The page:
Penny smart and dollar stupid: IT jobs slashed in US, UK, Europe to cut costs – just when we need staff the most
Revenue shortfall fears have led a third of polled businesses to shed workers
More than a third of businesses in France, Germany, the UK, and the US have laid off or furloughed IT staff based on coronavirus cost concerns, says private equity biz, and Scottish satellite slingers, Leonne International.
A survey of 1,116 senior business decision makers in Europe and the US and found that 37 per cent had axed IT staff since the pandemic emerged earlier this year.In addition 47 per cent have frozen IT budgets for the foreseeable future, due to COVID-19-inspired revenue worries.
And that's despite 41 per cent admitting their systems for dealing with home-bound employees are not compliant with Europe's pro-privacy GDPR, and 45 per cent anticipating a loss of data during the health crisis due to inadequately secured devices. (While GDPR is a European regulation, it applies to US companies doing business there.)
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The survey also found 44 per cent of companies know that staff members are using outdated versions of Zoom – savaged recently for shoddy security – and 47 per cent have allowed staff to purchase their own laptops and tablets in order to work from home, many of which won't be defended to the extent demanded by corporate policy.
Last month, the US Cybersecurity and Infrastructure Security Agency (CISA) and the UK National Cyber Security Centre (NCSC), said in a joint alert that they're seeing "a growing use of COVID-19-related themes by malicious cyber actors," and that "the surge in teleworking has increased the use of potentially vulnerable services."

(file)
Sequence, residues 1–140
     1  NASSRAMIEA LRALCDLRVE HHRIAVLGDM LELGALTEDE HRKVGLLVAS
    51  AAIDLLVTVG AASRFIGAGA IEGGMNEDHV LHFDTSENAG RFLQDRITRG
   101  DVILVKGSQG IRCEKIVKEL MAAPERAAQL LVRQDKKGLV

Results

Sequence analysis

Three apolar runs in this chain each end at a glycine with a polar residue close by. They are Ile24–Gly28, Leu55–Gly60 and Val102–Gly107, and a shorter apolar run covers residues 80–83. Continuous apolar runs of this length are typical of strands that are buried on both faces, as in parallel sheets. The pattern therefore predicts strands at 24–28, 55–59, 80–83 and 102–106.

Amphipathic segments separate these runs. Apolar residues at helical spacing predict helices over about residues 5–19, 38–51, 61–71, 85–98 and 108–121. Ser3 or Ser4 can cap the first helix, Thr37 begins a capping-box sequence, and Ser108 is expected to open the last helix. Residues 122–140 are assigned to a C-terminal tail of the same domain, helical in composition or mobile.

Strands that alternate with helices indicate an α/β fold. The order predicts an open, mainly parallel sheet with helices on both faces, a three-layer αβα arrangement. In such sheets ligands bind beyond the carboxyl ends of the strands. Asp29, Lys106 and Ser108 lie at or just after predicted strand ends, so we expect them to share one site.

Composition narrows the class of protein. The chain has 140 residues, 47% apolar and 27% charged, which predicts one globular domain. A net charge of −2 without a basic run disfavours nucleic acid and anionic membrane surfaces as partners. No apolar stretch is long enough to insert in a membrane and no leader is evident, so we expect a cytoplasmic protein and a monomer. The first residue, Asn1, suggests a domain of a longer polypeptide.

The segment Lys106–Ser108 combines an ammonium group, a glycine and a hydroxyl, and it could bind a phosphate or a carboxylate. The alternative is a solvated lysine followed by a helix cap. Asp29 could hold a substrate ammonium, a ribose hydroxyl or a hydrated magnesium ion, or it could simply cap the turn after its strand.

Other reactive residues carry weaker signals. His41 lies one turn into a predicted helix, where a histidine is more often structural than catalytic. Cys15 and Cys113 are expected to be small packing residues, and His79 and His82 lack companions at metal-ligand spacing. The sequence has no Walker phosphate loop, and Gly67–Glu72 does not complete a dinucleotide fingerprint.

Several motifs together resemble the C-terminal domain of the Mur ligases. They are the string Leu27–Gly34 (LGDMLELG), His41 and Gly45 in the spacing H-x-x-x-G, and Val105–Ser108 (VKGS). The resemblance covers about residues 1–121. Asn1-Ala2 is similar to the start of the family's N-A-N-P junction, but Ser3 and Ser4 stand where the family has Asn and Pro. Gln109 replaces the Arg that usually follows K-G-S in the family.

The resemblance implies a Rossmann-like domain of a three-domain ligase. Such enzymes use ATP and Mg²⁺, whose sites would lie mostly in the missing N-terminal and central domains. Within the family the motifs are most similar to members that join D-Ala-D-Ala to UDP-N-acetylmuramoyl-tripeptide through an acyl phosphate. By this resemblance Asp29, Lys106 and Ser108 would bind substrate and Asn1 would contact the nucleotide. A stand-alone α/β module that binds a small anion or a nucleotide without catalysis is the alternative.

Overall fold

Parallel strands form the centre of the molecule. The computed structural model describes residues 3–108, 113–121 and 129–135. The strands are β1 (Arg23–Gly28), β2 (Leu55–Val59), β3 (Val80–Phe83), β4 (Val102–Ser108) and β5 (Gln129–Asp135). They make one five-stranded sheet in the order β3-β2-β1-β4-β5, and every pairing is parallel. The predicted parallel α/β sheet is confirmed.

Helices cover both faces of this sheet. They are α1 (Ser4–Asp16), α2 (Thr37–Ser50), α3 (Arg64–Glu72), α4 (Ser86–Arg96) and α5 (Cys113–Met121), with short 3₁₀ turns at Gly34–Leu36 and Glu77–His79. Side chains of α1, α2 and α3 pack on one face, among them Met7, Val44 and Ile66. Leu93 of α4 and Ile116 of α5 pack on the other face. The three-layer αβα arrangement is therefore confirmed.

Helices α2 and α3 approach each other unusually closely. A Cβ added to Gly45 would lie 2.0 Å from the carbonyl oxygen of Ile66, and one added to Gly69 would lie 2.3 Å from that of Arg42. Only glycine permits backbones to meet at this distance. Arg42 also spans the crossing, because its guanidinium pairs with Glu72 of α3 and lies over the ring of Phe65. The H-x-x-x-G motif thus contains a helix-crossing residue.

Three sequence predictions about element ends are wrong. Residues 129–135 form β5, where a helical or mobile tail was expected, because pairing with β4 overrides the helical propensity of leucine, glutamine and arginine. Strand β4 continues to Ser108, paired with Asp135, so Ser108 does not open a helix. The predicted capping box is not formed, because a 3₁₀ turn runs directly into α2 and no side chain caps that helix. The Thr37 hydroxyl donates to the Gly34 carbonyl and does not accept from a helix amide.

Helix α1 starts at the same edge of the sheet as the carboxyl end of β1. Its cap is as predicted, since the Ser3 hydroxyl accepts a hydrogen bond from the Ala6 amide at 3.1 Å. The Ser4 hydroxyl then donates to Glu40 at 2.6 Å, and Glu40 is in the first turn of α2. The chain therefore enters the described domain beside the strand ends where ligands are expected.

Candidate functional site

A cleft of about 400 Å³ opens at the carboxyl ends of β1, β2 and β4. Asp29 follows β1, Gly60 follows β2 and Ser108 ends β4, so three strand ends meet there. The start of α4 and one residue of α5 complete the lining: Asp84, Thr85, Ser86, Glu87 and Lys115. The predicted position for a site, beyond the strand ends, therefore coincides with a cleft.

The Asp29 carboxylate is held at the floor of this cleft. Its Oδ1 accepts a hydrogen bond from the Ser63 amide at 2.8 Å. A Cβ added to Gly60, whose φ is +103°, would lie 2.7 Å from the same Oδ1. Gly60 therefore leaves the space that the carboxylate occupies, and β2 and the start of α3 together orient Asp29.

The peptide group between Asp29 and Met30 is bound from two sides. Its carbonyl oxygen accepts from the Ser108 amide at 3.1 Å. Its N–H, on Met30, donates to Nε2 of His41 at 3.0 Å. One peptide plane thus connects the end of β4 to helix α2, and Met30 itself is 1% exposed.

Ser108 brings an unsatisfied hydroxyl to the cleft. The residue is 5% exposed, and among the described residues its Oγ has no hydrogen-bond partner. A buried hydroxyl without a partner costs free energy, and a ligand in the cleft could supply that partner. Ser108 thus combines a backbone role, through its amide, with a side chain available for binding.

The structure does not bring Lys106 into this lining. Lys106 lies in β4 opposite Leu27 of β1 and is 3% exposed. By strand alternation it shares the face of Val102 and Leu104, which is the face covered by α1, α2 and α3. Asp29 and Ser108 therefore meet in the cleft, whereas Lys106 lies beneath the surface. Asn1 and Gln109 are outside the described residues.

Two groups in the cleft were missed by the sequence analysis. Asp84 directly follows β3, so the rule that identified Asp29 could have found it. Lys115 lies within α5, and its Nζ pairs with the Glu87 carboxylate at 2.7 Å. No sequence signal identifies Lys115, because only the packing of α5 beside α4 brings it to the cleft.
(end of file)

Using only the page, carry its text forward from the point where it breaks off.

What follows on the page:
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"It beggars belief that businesses are slashing IT staff at a time when digital skills are so critical for delivering effective remote working systems," said Andy Harcup, VP at security biz Absolute Software, in a canned statement.
"It’s also worrying that such a high proportion of companies are allowing employees to share confidential company data on personal devices, using outdated apps as well as knowingly operating in breach of GDPR rules."
Underscoring the security challenges accompanying staff cuts and reallocation, a survey of 256 cybersecurity professionals released last month by the International Information System Security Certification Consortium (ISC)² found that 47 per cent said they had been reassigned to IT support roles during the pandemic, to accommodate the need for handle questions from home-based workers.
And 23 per cent said their organization has seen more cybersecurity incidents since remote work became the norm, with some reporting twice as many. ®